Quiet Heroes and Innovators: D-4
"A hero is an ordinary individual who finds the strength to persevere and endure in spite of overwhelming obstacles."
- Christopher Reeve (1952-2004) well known actor (Superman)
Although many public servants work in environments that challenge even the most optimistic, creative, and industrious personalities, they are most often highly motivated by a calling to contribute to improving the lives of their fellow citizens and by a compelling desire to address social problems. While some individuals, drawn to public service become promoted to positions of great responsibility such as the United States President and Supreme Court Justices, many, many more serve in relative anonymity. Some of these are quiet heroes and innovators who deserve to be recognized for their service to the public.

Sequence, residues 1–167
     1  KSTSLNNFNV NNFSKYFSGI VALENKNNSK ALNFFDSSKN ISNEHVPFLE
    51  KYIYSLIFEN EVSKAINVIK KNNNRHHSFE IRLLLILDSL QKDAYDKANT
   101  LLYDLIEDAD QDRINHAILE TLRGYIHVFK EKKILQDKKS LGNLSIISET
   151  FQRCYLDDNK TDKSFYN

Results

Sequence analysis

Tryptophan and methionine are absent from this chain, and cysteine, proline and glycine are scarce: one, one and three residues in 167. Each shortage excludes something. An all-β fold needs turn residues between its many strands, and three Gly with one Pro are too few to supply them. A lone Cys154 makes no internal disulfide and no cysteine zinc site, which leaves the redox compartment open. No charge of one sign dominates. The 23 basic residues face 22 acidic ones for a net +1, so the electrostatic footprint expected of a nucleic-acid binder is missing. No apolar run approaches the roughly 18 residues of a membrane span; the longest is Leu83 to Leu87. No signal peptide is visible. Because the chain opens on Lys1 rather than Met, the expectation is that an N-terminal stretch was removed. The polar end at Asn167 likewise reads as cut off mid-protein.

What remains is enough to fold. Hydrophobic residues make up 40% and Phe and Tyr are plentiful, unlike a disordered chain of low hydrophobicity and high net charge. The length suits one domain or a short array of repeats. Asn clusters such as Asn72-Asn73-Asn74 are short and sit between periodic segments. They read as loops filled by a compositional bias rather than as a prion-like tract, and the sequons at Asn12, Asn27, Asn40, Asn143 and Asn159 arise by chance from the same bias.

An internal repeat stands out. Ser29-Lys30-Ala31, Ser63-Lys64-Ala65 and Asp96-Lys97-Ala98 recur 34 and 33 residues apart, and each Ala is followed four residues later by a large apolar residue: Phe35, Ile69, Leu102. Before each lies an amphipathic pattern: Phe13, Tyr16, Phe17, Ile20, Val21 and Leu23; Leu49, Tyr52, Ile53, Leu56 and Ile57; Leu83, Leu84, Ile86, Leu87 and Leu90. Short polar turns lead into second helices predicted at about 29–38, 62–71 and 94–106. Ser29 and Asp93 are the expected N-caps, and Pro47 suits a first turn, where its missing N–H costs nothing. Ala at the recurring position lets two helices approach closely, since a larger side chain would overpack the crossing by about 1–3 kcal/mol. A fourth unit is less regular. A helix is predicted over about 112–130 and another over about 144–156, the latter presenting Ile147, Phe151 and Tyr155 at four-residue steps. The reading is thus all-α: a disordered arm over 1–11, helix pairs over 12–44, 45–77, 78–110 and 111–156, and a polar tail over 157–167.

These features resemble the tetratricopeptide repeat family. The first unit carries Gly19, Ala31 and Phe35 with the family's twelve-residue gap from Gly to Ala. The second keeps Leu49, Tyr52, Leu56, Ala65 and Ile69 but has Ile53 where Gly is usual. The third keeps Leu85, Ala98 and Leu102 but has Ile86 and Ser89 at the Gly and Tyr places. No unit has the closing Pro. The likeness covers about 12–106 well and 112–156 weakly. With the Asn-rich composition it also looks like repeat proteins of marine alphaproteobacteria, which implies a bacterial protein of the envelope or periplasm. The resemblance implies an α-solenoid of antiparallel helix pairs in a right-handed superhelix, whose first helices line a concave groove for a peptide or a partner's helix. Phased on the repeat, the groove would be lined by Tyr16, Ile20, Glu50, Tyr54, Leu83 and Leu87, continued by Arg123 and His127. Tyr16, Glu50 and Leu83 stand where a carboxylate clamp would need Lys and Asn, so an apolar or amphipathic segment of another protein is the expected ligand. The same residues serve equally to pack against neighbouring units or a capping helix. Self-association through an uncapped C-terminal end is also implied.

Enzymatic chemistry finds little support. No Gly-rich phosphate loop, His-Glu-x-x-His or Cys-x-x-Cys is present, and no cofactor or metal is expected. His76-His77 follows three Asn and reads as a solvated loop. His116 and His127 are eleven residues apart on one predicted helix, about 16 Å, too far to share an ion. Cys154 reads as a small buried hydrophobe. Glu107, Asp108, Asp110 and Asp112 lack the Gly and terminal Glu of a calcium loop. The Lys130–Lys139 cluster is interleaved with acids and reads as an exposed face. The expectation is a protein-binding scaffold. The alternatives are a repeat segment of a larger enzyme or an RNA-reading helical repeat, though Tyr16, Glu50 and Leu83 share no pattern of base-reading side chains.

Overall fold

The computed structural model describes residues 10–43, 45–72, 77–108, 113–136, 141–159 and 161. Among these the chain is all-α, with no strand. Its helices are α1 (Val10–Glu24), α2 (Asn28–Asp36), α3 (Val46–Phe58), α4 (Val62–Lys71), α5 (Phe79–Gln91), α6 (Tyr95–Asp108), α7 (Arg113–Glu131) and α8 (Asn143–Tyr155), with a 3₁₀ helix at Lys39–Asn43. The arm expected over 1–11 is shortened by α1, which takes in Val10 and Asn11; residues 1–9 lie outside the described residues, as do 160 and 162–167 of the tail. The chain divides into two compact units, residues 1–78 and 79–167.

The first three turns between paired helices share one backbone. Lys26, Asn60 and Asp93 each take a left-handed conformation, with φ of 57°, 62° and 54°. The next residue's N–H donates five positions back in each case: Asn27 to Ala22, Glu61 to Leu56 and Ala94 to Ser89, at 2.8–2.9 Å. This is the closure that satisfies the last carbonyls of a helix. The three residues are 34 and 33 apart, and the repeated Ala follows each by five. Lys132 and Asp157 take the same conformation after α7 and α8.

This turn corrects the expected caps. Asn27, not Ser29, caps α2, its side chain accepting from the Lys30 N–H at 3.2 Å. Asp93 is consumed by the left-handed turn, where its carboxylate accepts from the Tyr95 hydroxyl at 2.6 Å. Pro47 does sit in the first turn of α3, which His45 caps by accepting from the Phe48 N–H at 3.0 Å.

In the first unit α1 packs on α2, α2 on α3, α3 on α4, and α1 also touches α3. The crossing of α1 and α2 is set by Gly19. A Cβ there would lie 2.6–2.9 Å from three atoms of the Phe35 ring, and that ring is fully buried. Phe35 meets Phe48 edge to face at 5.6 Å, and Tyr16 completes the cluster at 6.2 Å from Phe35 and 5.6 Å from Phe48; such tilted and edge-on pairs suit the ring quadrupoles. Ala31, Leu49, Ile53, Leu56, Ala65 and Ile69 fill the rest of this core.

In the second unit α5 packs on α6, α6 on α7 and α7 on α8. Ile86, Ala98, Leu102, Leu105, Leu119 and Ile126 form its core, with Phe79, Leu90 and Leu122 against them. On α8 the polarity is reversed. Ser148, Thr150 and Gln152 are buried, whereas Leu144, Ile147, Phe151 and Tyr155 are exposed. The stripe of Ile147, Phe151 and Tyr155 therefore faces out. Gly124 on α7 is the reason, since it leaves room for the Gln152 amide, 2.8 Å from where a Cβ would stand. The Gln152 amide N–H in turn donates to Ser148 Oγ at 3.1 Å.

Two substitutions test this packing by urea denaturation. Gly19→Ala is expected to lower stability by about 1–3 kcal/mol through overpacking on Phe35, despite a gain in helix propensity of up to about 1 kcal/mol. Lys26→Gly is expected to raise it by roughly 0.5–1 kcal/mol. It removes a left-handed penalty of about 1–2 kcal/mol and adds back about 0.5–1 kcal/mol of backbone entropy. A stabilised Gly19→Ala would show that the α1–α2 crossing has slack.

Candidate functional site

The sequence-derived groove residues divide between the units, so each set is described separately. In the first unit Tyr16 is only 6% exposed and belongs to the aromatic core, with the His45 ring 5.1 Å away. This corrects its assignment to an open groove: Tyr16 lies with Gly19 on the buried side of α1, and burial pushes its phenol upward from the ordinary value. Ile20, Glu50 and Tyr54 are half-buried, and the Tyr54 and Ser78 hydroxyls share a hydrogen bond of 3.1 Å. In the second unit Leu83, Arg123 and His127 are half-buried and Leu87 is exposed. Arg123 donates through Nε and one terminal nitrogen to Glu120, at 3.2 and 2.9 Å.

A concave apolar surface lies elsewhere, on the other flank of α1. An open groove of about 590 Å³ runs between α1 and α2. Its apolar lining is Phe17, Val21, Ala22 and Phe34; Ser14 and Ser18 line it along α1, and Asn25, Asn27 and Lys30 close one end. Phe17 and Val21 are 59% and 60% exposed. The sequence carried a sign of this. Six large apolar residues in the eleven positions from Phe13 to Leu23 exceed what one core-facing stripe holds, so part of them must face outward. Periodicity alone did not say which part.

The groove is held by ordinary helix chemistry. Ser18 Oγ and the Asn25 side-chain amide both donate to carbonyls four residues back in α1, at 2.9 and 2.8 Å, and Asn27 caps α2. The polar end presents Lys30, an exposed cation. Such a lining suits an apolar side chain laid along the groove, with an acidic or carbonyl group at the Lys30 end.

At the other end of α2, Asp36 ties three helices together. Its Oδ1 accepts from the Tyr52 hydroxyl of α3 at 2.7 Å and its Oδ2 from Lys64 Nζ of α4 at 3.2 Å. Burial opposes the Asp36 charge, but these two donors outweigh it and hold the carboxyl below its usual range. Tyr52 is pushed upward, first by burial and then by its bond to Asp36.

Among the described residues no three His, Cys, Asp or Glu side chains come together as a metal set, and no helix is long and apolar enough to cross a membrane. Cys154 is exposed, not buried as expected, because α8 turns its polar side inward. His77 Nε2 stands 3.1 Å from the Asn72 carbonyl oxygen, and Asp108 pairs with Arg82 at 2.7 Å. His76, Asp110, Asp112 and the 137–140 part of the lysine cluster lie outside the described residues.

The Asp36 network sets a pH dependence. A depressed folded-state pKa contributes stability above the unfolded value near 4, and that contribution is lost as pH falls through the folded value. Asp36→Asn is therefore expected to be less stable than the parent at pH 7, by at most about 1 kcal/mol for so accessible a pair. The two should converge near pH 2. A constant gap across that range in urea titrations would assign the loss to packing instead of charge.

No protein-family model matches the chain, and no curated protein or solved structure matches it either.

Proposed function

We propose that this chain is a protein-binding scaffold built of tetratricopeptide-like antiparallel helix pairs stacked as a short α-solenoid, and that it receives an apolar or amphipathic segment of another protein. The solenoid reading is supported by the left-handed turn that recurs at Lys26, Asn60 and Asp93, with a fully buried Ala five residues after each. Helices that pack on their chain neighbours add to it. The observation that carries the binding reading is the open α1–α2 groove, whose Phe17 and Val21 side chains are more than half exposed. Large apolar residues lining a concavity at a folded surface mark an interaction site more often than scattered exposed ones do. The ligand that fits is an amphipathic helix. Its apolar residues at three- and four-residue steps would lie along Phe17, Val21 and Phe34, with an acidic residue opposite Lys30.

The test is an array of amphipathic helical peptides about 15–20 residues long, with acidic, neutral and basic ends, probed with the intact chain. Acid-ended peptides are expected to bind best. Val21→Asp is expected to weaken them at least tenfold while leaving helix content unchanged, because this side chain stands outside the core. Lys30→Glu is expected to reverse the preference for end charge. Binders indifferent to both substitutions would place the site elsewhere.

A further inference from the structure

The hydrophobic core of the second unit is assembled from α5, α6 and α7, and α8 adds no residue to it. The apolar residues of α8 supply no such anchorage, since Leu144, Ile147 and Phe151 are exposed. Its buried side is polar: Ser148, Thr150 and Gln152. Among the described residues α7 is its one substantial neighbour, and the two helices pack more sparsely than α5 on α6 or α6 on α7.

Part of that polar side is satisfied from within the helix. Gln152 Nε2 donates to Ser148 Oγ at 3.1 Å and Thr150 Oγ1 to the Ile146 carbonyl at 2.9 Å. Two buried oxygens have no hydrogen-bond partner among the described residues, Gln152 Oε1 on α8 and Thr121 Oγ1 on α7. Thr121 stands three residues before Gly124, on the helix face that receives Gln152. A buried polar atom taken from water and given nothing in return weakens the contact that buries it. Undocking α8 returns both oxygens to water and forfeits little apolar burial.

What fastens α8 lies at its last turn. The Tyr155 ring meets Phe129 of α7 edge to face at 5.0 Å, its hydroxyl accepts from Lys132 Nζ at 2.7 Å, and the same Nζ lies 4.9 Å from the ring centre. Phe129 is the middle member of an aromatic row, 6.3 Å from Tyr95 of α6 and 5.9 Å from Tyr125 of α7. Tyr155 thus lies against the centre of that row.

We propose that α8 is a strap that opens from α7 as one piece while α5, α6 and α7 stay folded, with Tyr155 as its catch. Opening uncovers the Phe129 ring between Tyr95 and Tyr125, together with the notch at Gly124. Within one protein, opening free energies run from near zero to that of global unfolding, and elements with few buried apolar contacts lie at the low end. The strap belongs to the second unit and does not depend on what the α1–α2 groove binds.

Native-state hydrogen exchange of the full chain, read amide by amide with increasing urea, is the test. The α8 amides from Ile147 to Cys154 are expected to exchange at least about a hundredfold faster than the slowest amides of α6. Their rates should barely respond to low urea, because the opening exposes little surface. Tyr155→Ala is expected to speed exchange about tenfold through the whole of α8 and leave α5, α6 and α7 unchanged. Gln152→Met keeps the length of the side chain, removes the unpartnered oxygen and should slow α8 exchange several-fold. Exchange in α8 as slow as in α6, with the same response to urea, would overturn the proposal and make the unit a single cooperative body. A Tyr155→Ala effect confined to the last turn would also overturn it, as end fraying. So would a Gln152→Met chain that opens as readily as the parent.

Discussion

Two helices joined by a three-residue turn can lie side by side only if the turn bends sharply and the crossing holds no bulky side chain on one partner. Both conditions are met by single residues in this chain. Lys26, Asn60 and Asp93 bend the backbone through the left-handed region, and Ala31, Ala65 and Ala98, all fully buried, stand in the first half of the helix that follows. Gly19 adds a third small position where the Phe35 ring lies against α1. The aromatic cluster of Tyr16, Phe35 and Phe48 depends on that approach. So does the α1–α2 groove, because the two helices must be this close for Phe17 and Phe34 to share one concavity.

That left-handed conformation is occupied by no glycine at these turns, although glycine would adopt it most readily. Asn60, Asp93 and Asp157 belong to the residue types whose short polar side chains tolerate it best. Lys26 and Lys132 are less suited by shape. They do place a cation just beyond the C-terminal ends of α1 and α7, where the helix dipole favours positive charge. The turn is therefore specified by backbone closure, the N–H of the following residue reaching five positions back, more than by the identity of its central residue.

In this collection we celebrate quiet heroes and innovators, some of whom have been memorialized with national monuments as in the case of Mary McLeod Bethune, an educator and activist who made significant contributions to the rights of African Americans, and was recognized with national awards for public service. The American Society for Public Administration (ASPA) along with the National Academy of Public Administration (NAPA) established the National Public Service Award to honor individual public servants who are deemed as formidable examples of public service based on their careers and accomplishment. Winners of this award are celebrated for their willingness to take risks to achieve change, for making a profound difference to improve public service, for achieving savings in government operations, developing a cadre of government leaders, and for contributing to the communities in which they live. Indeed, many of these can be regarded as quiet heroes and innovators in the public sector.